My summer birding has been going well. After reaching 700 North American lifers, as previously posted herein, I returned to Iowa where I was able to locate, by ear, my first ever Black Rail. This elusive bird has seldom been seen in Iowa and is very difficult to see anywhere. This one has been heard and seen near Solon in eastern Iowa for several weeks, and many birders and photographers from near and far have trudged through the muddy and vegetated river-bottom swamp to see it. I slowly and tediously followed suit, the mud very nearly sucking my boots off my feet. I did not see the bird, nor do I intend to try further. I think it deserves some protection from over-intrusive birders and photographers who have created muddy, matted down trails through the swamp, and have over-used recordings of the Rail’s call in order to get the bird to come close, thinking it has a potential mate or rival. He or she has little prospect of that here in Iowa, so far from the Black Rail’s traditional nesting areas. My newly adopted personal view is that hearing is as good as seeing if you are absolutely sure of the call, which I am. Moreover, it eliminates the foolish incentive to disturb unnecessarily the target bird and thereby perhaps damage its prospects of survival or reproduction. And so, the Black Rail becomes my North American Life Bird number 702, and Iowa Life Bird number 327. Inconsistent with the opinions of some purists in the birding community, and especially photographers, (and, I must admit, my own past practice), the Black Rail becomes my very first “heard only” life bird. I feel good about that, for, as expressed by our famous American poet, Ralph Waldo Emerson:
“A foolish consistency is the hobgoblin of little minds, adored by little statesmen, and philosophers and divines. With consistency a great soul has simply nothing to do.”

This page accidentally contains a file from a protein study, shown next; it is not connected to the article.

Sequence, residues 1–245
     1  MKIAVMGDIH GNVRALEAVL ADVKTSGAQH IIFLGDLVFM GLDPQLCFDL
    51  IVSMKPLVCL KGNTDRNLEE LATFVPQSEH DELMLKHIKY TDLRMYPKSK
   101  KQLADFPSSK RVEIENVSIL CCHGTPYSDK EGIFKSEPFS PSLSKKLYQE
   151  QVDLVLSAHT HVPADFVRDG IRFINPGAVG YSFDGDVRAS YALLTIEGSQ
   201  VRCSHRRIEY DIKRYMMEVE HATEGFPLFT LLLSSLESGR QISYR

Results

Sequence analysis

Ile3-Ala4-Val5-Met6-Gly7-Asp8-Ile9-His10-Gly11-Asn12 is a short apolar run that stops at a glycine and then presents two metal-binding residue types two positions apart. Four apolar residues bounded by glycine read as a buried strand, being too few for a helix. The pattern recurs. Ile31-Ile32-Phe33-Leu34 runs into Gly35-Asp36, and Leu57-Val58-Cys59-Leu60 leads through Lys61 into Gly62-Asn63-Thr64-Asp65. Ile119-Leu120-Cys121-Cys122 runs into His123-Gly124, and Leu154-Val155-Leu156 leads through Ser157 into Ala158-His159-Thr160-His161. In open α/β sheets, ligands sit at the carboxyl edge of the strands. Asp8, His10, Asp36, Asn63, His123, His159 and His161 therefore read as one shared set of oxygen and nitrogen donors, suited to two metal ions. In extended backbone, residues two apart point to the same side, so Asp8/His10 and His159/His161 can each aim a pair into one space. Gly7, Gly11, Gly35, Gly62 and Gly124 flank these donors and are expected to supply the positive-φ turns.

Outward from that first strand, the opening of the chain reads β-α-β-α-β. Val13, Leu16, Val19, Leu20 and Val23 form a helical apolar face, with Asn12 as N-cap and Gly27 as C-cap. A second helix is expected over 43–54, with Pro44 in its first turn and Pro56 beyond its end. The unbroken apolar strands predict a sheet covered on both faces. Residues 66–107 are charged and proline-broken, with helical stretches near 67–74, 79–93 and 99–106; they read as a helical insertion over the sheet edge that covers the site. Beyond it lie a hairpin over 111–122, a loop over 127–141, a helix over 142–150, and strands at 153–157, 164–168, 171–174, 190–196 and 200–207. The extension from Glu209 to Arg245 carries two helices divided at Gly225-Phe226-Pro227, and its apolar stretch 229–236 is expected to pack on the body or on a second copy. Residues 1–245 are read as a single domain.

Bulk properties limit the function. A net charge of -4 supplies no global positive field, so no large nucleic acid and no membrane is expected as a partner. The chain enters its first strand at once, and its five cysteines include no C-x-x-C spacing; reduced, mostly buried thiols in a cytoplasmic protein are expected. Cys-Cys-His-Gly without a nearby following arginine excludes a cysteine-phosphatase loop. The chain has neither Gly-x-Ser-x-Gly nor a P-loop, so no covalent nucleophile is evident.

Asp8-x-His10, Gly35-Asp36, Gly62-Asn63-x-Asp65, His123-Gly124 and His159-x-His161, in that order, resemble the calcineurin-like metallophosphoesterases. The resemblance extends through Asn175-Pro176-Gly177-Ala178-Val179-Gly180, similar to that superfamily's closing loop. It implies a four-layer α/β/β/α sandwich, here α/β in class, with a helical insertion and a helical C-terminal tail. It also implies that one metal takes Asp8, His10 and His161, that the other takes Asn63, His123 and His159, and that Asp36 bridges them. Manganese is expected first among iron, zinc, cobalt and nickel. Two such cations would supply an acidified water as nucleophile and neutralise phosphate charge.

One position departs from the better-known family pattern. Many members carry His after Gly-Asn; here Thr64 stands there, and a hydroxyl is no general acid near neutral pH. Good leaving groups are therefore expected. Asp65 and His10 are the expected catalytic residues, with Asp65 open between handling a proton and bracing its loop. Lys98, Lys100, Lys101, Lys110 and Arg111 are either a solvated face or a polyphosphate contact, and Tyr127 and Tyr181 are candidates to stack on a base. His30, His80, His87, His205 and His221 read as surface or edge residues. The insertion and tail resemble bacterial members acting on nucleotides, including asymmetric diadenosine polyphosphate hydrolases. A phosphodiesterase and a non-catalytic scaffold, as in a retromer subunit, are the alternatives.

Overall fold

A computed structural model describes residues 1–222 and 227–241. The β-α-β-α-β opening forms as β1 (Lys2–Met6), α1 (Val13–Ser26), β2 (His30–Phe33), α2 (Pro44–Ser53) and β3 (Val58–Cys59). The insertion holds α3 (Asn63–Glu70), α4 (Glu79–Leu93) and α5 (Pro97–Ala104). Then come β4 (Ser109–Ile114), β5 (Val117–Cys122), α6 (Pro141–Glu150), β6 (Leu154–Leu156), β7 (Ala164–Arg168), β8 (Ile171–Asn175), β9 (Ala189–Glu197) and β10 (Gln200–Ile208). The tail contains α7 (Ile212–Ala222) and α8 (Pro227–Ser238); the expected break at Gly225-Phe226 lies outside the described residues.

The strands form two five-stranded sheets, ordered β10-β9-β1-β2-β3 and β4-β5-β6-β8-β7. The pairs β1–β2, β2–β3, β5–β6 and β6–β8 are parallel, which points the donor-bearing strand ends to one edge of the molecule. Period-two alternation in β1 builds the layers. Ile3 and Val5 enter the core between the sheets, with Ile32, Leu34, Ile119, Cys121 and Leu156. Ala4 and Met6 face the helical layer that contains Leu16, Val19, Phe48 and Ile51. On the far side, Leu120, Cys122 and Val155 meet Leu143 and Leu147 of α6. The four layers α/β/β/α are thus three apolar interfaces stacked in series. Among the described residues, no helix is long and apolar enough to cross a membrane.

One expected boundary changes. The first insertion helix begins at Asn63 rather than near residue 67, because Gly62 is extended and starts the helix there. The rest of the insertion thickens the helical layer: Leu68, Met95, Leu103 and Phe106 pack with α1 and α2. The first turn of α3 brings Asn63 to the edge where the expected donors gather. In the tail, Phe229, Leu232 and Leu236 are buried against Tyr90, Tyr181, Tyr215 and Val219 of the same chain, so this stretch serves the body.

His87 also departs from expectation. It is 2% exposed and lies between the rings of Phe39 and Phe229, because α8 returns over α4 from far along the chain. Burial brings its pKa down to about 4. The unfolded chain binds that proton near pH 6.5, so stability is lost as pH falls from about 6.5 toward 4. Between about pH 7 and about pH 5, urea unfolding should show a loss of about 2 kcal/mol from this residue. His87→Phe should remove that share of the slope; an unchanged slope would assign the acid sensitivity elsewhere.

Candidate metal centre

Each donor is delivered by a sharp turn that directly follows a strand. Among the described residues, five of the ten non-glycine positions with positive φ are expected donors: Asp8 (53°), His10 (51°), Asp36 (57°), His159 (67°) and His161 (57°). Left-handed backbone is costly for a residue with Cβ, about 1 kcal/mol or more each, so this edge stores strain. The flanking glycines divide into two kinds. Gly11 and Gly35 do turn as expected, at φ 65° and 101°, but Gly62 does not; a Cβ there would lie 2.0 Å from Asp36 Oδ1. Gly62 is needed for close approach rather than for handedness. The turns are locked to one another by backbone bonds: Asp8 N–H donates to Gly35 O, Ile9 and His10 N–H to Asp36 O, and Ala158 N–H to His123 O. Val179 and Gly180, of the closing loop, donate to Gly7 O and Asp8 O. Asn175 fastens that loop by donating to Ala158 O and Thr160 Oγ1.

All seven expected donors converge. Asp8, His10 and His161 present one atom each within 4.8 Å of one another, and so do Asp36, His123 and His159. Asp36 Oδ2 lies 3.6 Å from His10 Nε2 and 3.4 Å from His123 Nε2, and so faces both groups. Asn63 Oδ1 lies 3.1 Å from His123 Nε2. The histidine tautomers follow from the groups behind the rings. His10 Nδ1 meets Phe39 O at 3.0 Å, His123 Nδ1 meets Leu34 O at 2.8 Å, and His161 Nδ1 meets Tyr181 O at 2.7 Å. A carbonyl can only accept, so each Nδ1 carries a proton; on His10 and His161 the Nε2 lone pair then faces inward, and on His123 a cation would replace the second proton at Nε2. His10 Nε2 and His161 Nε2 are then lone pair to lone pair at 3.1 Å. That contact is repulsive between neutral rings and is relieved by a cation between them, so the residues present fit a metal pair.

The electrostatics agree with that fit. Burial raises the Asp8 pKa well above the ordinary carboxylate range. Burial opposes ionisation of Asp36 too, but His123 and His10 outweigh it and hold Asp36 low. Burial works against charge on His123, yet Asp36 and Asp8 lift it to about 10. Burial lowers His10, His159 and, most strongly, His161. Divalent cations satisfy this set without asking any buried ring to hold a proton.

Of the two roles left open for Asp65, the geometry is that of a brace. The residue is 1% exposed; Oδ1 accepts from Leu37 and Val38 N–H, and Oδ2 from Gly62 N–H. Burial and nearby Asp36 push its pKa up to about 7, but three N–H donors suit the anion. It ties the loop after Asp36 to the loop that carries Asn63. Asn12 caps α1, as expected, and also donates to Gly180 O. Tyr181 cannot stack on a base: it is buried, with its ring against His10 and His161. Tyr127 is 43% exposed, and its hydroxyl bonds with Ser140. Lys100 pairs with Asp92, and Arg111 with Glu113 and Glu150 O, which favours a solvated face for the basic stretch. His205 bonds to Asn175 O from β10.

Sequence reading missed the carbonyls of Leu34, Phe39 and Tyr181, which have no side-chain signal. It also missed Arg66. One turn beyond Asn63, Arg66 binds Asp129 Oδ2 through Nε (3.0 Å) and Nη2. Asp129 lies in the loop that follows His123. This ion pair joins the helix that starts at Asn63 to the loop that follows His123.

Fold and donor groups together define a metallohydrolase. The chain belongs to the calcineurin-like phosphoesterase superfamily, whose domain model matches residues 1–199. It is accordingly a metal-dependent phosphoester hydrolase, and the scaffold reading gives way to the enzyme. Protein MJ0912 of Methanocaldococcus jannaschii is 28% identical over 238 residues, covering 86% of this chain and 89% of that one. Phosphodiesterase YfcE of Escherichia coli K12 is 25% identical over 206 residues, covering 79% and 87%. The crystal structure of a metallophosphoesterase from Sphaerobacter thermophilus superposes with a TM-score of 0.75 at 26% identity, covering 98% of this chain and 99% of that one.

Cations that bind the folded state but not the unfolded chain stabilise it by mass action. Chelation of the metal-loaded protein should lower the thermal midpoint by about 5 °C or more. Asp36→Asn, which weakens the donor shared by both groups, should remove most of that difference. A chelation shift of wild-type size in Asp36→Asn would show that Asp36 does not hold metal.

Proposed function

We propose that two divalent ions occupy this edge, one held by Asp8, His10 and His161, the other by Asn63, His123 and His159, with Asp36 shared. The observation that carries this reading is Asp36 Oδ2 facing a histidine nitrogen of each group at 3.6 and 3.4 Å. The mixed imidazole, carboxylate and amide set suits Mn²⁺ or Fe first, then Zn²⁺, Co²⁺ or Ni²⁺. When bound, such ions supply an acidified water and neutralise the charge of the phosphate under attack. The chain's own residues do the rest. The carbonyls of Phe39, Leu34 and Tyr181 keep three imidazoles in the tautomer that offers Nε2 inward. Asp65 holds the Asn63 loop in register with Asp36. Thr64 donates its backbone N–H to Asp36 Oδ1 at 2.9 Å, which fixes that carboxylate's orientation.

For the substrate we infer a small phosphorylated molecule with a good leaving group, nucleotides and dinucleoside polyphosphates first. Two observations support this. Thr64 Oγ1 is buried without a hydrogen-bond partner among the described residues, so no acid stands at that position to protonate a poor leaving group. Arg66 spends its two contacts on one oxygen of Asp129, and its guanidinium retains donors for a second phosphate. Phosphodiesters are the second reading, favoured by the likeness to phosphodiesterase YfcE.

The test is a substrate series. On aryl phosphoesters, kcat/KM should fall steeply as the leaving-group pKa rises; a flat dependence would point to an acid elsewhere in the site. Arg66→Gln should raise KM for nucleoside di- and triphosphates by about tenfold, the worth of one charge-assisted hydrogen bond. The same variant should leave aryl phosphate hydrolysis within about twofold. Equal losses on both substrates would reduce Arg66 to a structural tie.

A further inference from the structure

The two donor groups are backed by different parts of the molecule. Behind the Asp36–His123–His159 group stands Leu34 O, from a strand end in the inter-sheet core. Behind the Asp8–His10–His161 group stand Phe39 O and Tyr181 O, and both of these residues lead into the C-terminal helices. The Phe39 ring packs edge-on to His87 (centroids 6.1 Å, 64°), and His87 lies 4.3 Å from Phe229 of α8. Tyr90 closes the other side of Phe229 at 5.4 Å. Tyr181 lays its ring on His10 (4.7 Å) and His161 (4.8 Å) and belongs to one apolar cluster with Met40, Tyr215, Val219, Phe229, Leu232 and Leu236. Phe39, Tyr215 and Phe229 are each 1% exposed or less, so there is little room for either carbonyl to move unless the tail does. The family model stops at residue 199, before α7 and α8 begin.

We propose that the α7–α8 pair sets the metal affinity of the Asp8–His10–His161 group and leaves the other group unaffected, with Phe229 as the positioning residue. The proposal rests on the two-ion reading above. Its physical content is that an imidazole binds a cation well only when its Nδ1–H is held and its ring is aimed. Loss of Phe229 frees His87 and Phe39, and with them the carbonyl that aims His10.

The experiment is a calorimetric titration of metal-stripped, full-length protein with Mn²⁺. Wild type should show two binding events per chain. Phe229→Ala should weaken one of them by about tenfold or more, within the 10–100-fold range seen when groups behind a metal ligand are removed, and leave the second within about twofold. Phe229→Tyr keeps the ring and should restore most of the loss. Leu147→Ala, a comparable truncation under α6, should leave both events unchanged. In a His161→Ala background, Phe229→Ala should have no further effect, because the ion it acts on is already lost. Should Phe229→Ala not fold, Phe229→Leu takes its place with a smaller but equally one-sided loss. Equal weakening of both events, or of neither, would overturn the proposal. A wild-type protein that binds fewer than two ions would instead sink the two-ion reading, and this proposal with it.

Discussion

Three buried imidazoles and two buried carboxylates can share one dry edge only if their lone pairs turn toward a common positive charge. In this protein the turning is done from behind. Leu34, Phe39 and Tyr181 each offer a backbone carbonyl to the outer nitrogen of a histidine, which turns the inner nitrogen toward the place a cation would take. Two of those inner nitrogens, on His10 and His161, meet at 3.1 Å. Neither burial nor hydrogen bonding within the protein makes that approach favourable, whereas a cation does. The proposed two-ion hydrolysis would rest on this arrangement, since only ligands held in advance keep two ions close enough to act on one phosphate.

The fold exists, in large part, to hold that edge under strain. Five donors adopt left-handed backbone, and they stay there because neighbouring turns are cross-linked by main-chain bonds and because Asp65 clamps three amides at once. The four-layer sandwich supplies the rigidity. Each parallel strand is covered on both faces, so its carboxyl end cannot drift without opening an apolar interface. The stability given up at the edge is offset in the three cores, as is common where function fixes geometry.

For several days the North American Rare Bird Alert has reported online that at Sabal Palm Audubon Sanctuary south of Brownsville, Texas, a single female Masked Duck and several Yellow-green Vireos have been seen on a regular basis. Both species are rare in North America (ABA # 3s). Having never seen either of them, and having nothing better to do, I headed out for Texas last week and was excited to locate both birds. Others were there for the same purpose, many successful and some not. Everyone was most cordial and helpful to one another, a common characteristic of birders I have met over the years. It was of mild interest to me that of the dozen or so birders there for the same purpose I was, all were men. One was doing a “Big Year”. The heat index was 103, the wind was gusting at 40 miles per hour, and the “dry jungle” which Sabal Palm is, was muggy and uncomfortable. This, of course, added to my satisfaction of finding these two great birds. Actually, there were 4 Yellow-green Vireos, apparently reflective of a successful nesting effort. My first “identification” of the somewhat distant Masked Duck is suspect, because when I returned later I thought I saw three of them, again at quite a distance. I really needed a scope, which I had left home to make my air travel less cumbersome. These 3 all turned out to be the somewhat similar and far more common Ruddy Ducks. And so I lingered long at the blind until, fortuitously, the real Masked Duck appeared close at hand enabling me to clearly see the three black lines across the face, and confirm its identity. North American birds number 703 and 704 are now securely on my list.